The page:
Published by Faber & Faber (£20)
Investigative journalist Tom Bower seems a bit obsessed with Richard Branson. His first biography of the tycoon (Branson) was published in 2000, with a revised version in 2008. Both took a broadly negative view, but failed to come up with a smoking gun.
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"Bower has been taking bites out of Richard Branson for 15 years, without ever quite digesting the entire man," says Nicholas Blincoe in The Daily Telegraph. Branson: Behind The Mask, which focuses on the past decade, is an attempt to nail him once and for all.
The most interesting revelations come from Bower's dig into Branson's Virgin Galactic project, an overhyped attempt to sell "space travel" (in reality a sub-orbital flight).
Despite receiving over£40m in deposits, and huge subsidies from the state of New Mexico, it has missed many deadlines and suffered several mishaps (including an explosion that left three people dead). Even now there are problems with the engine supposed to power the shuttle.
A rival project from Tesla entrepreneur Elon Musk is, by contrast, going smoothly. Bower makes the case that this mix of bluster and underperformance is common to many parts of the Virgin empire. Yet Branson has a knack for getting people to buy into the illusion.
In several cases, notes Bower, he has negotiated one-sided partnership deals, giving him parts of established firms in return for vague promises of advertising and sponsorship, which never materialise. When these deals unravel, Branson is adept at limiting his financial responsibility and reputational damage.
But while this picture is hardly flattering, it isn't exactly earth-shattering either. Indeed, some might applaud Branson's skill at getting other people to pay for his dreams as the mark of a good negotiator.
Similarly, the hypocrisy of lecturing people on climate change while running a global airline is simply irritating (or amusing, depending on your point of view) rather than damning. Even Bower's point that Branson's "empire has shrunk and his relative wealth has diminished" could have benefited from a much more detailed analysis of Branson's net wealth.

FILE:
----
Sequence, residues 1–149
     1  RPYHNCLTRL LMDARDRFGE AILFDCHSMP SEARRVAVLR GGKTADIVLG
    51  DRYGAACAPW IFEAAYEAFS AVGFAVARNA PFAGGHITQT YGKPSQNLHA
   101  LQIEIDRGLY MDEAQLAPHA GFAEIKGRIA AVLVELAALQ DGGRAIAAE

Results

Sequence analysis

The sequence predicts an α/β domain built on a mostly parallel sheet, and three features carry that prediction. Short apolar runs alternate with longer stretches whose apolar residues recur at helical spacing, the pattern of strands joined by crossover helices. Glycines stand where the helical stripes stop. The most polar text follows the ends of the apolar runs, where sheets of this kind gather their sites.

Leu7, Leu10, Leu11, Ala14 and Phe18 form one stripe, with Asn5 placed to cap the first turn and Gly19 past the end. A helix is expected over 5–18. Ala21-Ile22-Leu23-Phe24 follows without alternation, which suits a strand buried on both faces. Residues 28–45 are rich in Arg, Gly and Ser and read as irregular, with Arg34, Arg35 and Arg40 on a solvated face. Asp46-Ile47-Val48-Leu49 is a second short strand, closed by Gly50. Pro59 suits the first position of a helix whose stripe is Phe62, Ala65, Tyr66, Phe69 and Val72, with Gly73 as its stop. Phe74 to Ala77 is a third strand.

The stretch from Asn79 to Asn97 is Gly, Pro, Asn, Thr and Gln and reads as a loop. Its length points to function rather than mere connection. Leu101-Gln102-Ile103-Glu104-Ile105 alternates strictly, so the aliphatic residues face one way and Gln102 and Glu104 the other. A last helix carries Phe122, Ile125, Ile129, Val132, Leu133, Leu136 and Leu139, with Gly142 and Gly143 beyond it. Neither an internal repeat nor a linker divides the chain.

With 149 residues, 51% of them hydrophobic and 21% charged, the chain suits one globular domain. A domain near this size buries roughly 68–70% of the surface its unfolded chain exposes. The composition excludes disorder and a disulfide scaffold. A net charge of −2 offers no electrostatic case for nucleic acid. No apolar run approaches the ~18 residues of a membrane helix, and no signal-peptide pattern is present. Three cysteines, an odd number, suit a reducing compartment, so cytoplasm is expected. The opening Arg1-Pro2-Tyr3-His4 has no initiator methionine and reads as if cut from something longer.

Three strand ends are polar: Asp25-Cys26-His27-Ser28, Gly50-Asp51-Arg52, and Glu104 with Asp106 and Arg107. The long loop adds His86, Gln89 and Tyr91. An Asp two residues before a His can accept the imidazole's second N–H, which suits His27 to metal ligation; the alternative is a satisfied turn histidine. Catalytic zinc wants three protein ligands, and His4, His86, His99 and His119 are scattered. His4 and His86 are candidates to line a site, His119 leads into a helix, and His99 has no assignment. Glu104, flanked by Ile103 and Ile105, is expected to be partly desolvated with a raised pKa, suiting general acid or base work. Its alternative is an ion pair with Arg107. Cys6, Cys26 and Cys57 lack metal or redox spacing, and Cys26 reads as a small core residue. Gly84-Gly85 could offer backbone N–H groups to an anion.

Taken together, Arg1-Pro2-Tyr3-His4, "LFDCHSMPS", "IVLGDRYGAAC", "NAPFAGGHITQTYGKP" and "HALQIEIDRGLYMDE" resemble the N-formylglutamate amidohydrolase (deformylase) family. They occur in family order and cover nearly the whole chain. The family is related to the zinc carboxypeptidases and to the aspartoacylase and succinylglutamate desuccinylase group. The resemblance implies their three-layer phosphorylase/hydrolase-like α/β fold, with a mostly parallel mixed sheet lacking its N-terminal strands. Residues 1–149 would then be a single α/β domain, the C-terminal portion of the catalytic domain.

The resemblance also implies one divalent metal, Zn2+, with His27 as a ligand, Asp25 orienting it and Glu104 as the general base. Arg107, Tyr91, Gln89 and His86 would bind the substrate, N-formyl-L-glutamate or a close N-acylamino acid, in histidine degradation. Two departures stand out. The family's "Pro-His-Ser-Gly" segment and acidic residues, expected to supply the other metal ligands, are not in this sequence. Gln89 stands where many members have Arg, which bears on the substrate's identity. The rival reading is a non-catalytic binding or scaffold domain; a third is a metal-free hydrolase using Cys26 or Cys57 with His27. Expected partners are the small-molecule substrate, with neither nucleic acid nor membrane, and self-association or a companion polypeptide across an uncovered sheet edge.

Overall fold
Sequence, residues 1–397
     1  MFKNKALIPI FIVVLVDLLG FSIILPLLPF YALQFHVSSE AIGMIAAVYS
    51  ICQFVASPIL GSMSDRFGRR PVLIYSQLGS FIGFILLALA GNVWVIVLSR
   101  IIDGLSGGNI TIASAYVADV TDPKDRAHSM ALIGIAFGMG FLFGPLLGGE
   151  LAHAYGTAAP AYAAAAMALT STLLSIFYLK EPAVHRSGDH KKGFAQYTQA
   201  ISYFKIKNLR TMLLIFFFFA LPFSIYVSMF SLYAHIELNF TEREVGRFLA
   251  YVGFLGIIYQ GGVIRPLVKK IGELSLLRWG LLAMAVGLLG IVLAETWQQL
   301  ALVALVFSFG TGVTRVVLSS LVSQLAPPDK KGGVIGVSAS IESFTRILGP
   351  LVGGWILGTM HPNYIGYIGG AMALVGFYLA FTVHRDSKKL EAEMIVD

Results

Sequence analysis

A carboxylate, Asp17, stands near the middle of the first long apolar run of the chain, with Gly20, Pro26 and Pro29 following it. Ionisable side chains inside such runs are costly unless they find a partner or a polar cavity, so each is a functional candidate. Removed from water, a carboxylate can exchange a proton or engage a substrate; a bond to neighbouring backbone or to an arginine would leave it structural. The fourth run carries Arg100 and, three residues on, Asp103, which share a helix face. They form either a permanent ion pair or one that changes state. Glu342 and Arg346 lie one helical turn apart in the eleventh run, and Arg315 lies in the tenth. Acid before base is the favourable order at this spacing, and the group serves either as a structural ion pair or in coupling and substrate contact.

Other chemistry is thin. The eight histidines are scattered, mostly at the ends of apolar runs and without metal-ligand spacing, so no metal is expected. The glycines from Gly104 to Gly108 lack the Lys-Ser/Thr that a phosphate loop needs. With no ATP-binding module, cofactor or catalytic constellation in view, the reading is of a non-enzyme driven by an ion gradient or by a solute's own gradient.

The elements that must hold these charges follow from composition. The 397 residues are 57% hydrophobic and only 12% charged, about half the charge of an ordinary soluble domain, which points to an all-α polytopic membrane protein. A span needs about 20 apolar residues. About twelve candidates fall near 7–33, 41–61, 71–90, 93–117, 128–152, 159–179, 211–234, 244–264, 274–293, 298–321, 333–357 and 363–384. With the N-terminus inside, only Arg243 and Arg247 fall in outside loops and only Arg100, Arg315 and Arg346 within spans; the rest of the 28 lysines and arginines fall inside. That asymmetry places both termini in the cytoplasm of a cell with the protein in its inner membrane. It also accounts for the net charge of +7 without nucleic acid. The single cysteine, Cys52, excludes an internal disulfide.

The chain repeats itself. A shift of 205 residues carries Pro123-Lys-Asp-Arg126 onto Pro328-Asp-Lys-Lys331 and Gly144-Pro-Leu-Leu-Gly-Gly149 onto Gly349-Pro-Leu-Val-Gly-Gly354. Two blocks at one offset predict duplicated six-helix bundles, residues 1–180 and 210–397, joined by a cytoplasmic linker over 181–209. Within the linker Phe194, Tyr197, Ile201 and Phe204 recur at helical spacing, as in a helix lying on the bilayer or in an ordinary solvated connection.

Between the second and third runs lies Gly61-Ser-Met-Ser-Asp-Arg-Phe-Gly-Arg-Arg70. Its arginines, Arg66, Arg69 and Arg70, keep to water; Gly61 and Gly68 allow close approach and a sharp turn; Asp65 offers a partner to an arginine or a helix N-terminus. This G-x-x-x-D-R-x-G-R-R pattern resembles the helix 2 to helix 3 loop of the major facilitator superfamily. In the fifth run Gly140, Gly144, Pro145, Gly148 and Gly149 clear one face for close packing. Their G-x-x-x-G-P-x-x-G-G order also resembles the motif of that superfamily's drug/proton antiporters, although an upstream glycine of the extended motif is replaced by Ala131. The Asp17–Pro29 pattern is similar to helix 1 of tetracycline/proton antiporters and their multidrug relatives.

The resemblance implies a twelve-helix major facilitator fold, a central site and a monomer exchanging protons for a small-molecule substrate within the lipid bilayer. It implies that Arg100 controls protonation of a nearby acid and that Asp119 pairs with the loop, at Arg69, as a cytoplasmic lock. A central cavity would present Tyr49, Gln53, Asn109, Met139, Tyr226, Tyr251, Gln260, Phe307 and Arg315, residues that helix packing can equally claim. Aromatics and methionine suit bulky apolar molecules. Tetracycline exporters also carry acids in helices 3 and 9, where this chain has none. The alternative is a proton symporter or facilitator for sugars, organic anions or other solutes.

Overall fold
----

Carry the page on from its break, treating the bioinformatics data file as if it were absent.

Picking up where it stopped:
Reviews have been mixed. "All journalists would benefit from reading Branson: Behind The Mask", reckons Roy Greenslade in The Guardian. But there is little here "that is not already known about Galactic's dismal record so far", says The Daily Beast's Clive Irving.
And while there are some "nuggets of pure gold", says Dominic O'Connell in The Sunday Times, "the book fails to discover much about the man himself". In short, it's unlikely to change your pre-existing view of Branson.
Branson: Behind The Mask by Tom Bower is published by Faber & Faber (£20).
Matthew graduated from the University of Durham in 2004; he then gained an MSc, followed by a PhD at the London School of Economics.
He has previously written for a wide range of publications, including the Guardian and the Economist, and also helped to run a newsletter on terrorism. He has spent time at Lehman Brothers, Citigroup and the consultancy Lombard Street Research.
Matthew is the author of Superinvestors: Lessons from the greatest investors in history, published by Harriman House, which has been translated into several languages. His second book, Investing Explained: The Accessible Guide to Building an Investment Portfolio, is published by Kogan Page.
As senior writer, he writes the shares and politics & economics pages, as well as weekly Blowing It and Great Frauds in History columns He also writes a fortnightly reviews page and trading tips, as well as regular cover stories and multi-page investment focus features.
Follow Matthew on Twitter: @DrMatthewPartri
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